Even for simple inquiries, other forms of communication are preferred: eMarketer
Toronto, ON (Nov. 20, 2014) – Many firms began using social media for some form of customer service just as soon as consumers started tweeting and posting complaints about their brands online – and while the decision to respond to those messages may have been a good one, transferring significant customer service functionality to social sites may not be a good idea. Even for the simplest of inquiries, the vast majority of consumers prefer other forms of communication.
According to research from American Express, 23% of US internet users have used social media for customer services purposes at some point. The reasons they do so, however, most frequently do not involve looking to get help from the firm in question. A majority of people who used social for customer service did so to praise a company for a great experience, and half did so to vent their frustration with a bad one. Just under half wanted to share their experience with other consumers. Meanwhile, what firms might think of as typical customer service – a customer reaching out to a firm for help, and expecting a response – came in fourth place, with 40% of respondents.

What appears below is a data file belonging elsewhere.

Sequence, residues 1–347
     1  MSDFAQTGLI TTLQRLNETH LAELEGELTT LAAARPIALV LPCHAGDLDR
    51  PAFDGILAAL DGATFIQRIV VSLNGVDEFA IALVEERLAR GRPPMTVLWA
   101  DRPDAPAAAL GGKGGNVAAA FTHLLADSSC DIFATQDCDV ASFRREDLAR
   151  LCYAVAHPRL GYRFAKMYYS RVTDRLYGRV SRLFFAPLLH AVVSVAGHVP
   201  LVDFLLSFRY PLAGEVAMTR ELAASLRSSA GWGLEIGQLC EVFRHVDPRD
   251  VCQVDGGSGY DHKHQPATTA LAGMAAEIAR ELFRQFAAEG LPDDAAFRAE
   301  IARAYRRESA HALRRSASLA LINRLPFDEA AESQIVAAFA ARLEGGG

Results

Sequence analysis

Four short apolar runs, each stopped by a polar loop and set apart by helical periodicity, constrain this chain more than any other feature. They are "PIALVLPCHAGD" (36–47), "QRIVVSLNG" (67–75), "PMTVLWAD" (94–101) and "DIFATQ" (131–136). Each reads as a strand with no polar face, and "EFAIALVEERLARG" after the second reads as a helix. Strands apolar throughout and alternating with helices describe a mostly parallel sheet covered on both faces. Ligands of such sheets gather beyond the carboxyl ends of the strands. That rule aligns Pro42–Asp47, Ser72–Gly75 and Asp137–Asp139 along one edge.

And that’s just among the group who did use social for customer service purposes. Among the larger group of US internet users, American Express found that social networks were hardly ever the preferred channel for making customer service inquiries.
For simple inquiries, the most preferred way to get help was via a company’s website or email, with speaking to a real person on the phone in a distant second. For difficult problems, nearly half of internet users wanted to talk to a human on the telephone, with face-to-face help coming in second with almost a quarter of respondents.
Meanwhile, only 5% of respondents wanted to use social networks for simple inquiries, with an even smaller 3% looking to solve hard problems via social.
For brands, this doesn’t necessarly mean it’s a good idea to start ignoring customers’ problems when they’re posted to social sites. But it may be more a question of damage control and managing negative social buzz than of actually helping customers with their problems.
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